In the accompanying drawings, which illustrate arailway-switch embodying myimprovements, Figure 1 is a top plan view thereof, showing the switch set for the main line. Fig. 2 is a like view showing the switch set for the siding. Fig. 3 is aside elevation showing the hand-lever for operating the switch. Fig. 4 is a vertical transverse sectional view on the line 00 m of Fig. 1. Figs. 5 and 6 are detail views of different forms of devices for operating the switch, which are to be carried by a passing train.
Referring to the drawings, in which like letters of reference denote corresponding parts in all the figures, A and A designate the rails of the main track or line, and B B the rails of the side track. The rail B of the switch is curved inwardly toward the rail A of the main line, and it joins the same, as shown, the rail A of the main line and the rail 13 of the switch being continuous and unbroken.
D E designate the throw-rails, one of which, E, is normally held out of contact with one of the rails, A, of the main line, so as to leave the said main line clear for the passage thereon of trains, while the throw-rail D is arranged to come in contact at its free end with the main-track rail where it joins the curved part of the switch-rail B. These throw-rails D E are connected to the ties in any suitable manner, so that their free ends will have a swing ing movement, to adapt them to be thrown into or out of contact with the rails of the main track. as desired, and they are connected near their free ends by means of a coupling-bar, cl, so that they move simultaneously. and in the same direction. The throw-rail E is made of considerably greater length than the rail D, in order that the wheels on one side of both the front and rear trucks of a railway-car will come in contact with the same, the rear truckwheels coming in contact with the rail before the wheels of the front truck pass the rail, as will be very readily understood. As it has been found to be impractical to construct the rail E in a single piece, .owing to the extreme length required, I have made it in two or more sections, E, which are connected with suitable devices, so that all of the said sections will move simultaneously and to an equal extent.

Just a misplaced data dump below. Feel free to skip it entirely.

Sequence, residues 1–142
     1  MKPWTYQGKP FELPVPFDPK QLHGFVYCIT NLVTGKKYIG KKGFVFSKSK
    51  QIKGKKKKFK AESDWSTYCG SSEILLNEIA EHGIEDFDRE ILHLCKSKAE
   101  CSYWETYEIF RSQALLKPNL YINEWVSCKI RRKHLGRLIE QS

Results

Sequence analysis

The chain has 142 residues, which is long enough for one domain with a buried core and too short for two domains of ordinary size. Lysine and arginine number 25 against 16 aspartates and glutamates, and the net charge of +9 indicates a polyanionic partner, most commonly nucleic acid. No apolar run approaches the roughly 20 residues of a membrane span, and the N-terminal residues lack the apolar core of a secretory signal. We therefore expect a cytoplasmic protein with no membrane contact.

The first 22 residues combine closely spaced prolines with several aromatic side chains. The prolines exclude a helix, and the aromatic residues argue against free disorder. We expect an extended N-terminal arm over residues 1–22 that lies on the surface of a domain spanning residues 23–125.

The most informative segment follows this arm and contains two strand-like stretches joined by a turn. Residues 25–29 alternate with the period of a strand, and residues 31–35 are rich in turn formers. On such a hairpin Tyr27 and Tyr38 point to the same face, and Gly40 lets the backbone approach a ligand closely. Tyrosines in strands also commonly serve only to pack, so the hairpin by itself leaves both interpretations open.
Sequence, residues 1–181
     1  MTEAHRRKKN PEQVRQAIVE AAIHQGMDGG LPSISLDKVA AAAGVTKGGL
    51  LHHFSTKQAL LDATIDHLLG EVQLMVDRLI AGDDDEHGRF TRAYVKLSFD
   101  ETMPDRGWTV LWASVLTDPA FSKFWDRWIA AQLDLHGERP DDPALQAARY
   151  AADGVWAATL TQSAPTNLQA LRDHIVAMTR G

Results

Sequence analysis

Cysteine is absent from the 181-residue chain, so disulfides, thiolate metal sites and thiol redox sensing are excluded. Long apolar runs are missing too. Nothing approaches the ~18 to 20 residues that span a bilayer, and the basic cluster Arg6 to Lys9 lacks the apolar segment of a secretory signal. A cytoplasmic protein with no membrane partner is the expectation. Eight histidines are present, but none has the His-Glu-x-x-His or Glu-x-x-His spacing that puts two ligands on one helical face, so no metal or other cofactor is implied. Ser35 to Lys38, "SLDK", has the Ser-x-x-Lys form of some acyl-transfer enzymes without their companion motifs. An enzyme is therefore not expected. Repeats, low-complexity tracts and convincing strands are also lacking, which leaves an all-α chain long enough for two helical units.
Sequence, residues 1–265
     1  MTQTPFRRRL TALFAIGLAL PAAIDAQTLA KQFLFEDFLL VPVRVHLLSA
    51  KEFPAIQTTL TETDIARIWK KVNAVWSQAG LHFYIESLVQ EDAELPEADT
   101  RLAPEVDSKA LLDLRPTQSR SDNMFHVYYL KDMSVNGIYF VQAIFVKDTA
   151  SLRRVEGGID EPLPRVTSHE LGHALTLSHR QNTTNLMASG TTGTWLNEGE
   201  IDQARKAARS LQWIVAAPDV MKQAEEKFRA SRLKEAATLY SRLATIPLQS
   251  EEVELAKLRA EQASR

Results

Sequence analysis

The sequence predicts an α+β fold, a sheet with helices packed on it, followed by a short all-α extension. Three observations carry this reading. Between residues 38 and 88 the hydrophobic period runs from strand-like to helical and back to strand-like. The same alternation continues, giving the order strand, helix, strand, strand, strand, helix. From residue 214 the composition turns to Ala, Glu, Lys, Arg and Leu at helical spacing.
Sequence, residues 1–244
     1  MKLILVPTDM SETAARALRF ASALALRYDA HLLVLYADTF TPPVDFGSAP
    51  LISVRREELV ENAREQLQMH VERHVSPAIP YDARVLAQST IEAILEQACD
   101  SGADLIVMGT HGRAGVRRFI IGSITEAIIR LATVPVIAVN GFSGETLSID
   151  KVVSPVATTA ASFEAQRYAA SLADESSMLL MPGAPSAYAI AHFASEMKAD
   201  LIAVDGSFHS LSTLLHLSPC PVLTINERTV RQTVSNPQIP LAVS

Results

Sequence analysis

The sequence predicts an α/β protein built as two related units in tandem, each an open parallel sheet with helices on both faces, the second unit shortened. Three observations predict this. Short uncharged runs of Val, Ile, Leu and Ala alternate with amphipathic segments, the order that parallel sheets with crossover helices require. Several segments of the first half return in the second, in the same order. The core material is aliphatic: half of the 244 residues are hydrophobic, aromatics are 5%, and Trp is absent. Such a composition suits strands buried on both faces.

F designates a rock-shaft, which is arranged to one side of the main and side track rails, and parallel therewith, and this rock-shaft is journaled in suitable bearings, which are secured to or formed with vertical posts f, which arerigidly affixed or secured in the ground or other place. This rock-shaft is provided at one end with a crank-arm, g, which has a pin, 9, at or near its lower extremity, to which is connected the outer end of a link or pitman, G, which extends toward and beneath the rails of the main track, the inner end of the said link or pitman being connected to one ofthe throw-rails or to the coupling-bar between the same. The inner end of the pitman or link is preferably connected to the swinging section of the throw-rail E, so that the latter is moved simultaneously with the rock-shaft, and the sections E of the said throw-rail are movable bodily with the rockshaft, as they are connected thereto by means of links H, which are connected at their inner ends to the said movable section or sections, and at their outer ends to angular arms 71., which are rigidly affixed to the rock-shaft, to be operated thereby.
It will .be seen that when the rock-shaft is moved or oscillated in its bearings the arms hand p'it'rnen or links H will move the sections E of the throw-rail laterally or against 'neaththe plane of the main-track rails, and one end of this coiled spring is connected to the throw-rail E,while the other end thereof is connected to the tie or to any other immovable object to adapt the spring to actuate the switch or throw rails. This spring serves to draw upon the movable throw-rails,so'as to normally force the free end of the rail B into contact with the rail A of the main line, and to draw the free end of the rail E away from the rail A of the main line, the spring serving to exert a powerful strain or pull upon the said throw-rails, in order to lock them against retrograde movement, except when acted upon by the rockshaft.